Article
Full-text available
Introduction Non-muscle invasive bladder cancer (NMIBC) accounts for about 75% of newly diagnosed bladder cancers. The treatment for NMIBC involves surgical removal of the tumour followed by 6 weekly instillations of immunotherapy or chemotherapy directly into the bladder (ie, intravesical therapy). NMIBC has a high rate of recurrence (31%–78%) and progression (15%). Moreover, bladder cancer and its treatment may affect patient functioning and quality of life. Exercise is a safe and effective intervention for many patient with cancer groups, however, no studies have examined exercise during intravesical therapy for NMIBC. The primary objective of the Bladder cancer and exeRcise trAining during intraVesical thErapy (BRAVE) trial is to examine the safety and feasibility of an exercise intervention in patients with bladder cancer undergoing intravesical therapy. The secondary objectives are to investigate the preliminary efficacy of exercise on health-related fitness and patient-reported outcomes; examine the social cognitive predictors of exercise adherence; and explore the potential effects of exercise on tumour recurrence and progression. Methods and analysis BRAVE is a phase II randomised controlled trial that aims to include 66 patients with NMIBC scheduled to receive intravesical therapy. Participants will be randomly assigned to the exercise intervention or usual care. The intervention consists of three supervised, high-intensity interval training sessions per week for 12 weeks. Feasibility will be evaluated by eligibility, recruitment, adherence and attrition rates. Preliminary efficacy will focus on changes in cardiorespiratory fitness and patient-reported outcomes from baseline (prior to intravesical therapy) to pre-cystoscopy (3 months). Cancer outcomes will be tracked at 3 months, and 1-year follow-up by cystoscopy. Analysis of covariance will compare between-group differences at post-intervention (pre-cystoscopy) for all health-related fitness and patient-reported outcomes. Ethics and dissemination The study was approved by the Health Research Ethics Board of Alberta-Cancer Committee (#20–0184). Dissemination will include publication and presentations at scientific conferences and public channels. Trial registration number NCT04593862 ; Pre-results.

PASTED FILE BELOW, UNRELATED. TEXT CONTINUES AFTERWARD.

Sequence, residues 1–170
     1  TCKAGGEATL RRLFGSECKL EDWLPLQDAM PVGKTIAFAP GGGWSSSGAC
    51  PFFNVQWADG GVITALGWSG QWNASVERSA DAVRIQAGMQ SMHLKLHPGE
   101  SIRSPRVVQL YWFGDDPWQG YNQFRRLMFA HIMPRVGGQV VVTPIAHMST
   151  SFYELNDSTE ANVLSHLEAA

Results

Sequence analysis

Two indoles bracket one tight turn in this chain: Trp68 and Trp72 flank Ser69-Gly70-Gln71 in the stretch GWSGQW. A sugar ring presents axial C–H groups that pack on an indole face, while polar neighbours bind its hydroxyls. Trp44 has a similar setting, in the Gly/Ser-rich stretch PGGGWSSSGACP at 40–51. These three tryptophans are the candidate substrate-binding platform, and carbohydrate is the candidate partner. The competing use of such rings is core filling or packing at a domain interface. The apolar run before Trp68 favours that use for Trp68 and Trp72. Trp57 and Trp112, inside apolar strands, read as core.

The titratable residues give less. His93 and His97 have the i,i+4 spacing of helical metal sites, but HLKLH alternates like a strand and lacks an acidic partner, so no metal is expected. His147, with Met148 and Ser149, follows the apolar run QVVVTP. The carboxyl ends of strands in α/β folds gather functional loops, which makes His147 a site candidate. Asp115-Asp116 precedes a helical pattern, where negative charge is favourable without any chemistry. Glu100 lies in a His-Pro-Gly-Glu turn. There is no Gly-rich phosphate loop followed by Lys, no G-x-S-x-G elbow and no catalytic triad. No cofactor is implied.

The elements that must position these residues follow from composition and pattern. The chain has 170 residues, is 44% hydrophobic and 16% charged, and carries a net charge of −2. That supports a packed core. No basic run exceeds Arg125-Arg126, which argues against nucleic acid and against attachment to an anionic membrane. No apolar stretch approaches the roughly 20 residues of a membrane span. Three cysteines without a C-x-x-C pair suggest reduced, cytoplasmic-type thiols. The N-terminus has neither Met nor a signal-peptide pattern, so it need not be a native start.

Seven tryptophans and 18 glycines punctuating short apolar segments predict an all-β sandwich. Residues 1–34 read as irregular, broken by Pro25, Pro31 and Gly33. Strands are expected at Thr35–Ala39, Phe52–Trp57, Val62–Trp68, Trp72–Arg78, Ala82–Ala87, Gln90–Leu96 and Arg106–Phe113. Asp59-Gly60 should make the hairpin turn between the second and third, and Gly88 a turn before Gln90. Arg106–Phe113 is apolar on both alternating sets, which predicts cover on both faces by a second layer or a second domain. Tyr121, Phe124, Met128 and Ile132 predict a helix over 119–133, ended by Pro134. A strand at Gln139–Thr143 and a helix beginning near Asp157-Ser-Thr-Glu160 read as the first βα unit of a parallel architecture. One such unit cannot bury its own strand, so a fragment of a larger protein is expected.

Article
Full-text available
Introduction High Intensity training (HIT) is a time‐effective alternative to traditional exercise programs in adults with obesity, but the superiority in terms of improving cardiopulmonary fitness and weight loss has not been demonstrated. Objective to determine the effectiveness of HIT on cardiopulmonary fitness and body composition in adults with obesity compared to traditional (high volume continuous) exercise. Methods A systematic search of the main health science databases was conducted for randomized controlled trials comparing HIT with traditional forms of exercise in people with obesity. Eighteen studies were included in the meta‐analysis. The (unstandardized) mean difference of each outcome parameters was calculated and pooled with the random effects model. Results HIT resulted in greater improvement of cardiopulmonary fitness (VO2max) (MD 1.83, 95% CI 0.70, 2.96, p<0.005; I²=31%) and a greater reduction of %body fat (MD ‐1.69, 95% CI ‐3.10, ‐0.27, p=0.02, I²=30%) compared to traditional exercise. Overall effect for BMI was not different between HIT and traditional exercise. Conclusion Training at high intensity is superior to improve cardiopulmonary fitness and to reduce %body fat in adults with obesity compared to traditional exercise. Future studies are needed to design specific HIT programs for the obese with regard to optimal effect and long‐term adherence.
Article
Full-text available
Increasing evidence suggests that high-intensity training (HIT) is a time-efficient exercise strategy to improve fitness. HIT has never been explored in neuromuscular diseases, likely because it may seem counterintuitive. A single session of high-intensity exercise has been studied without signs of muscle damage in facioscapulohumeral muscular dystrophy type 1 (FSHD1). We aimed to determine whether HIT is safe and effective in FSHD1 in a randomized, controlled parallel study. Untrained adults with genetically verified FSHD1 (n = 13) able to perform cycle-ergometer exercise were randomized to 8 weeks of supervised HIT (n = 6) (3 × 10-min cycle-ergometer-HIT/week) or 8 weeks of usual care (n = 7). Following this, all participants performed 8 weeks of unsupervised HIT (3 × 10-min cycle-ergometer-HIT/week). Primary outcome was fitness, maximal oxygen uptake/min/kg body weight. Furthermore, workload, 6-min walk distance, 5-time sit-to-stand time, muscle strength, and daily activity levels were measured. Pain, fatigue, and plasma-CK were monitored. Twelve patients completed the randomized part of the study. Plasma-CK levels and pain scores were unaffected by HIT. Supervised HIT improved fitness (3.3 ml O2/min/kg, CI 1.2-5.5, P < 0.01, n = 6, NNT = 1.4). Unsupervised HIT also improved fitness (2.0 ml O2/min/kg, CI 0.1-3.9, P = 0.04, n = 4). There was no training effect on other outcomes. Patients preferred HIT over strength and moderate-intensity aerobic training. It may seem counterintuitive to perform HIT in muscular dystrophies, but this RCT shows that regular HIT is safe, efficacious, and well liked by moderately affected patients with FSHD1, which suggests that HIT is a feasible method for rehabilitating patients with FSHD1.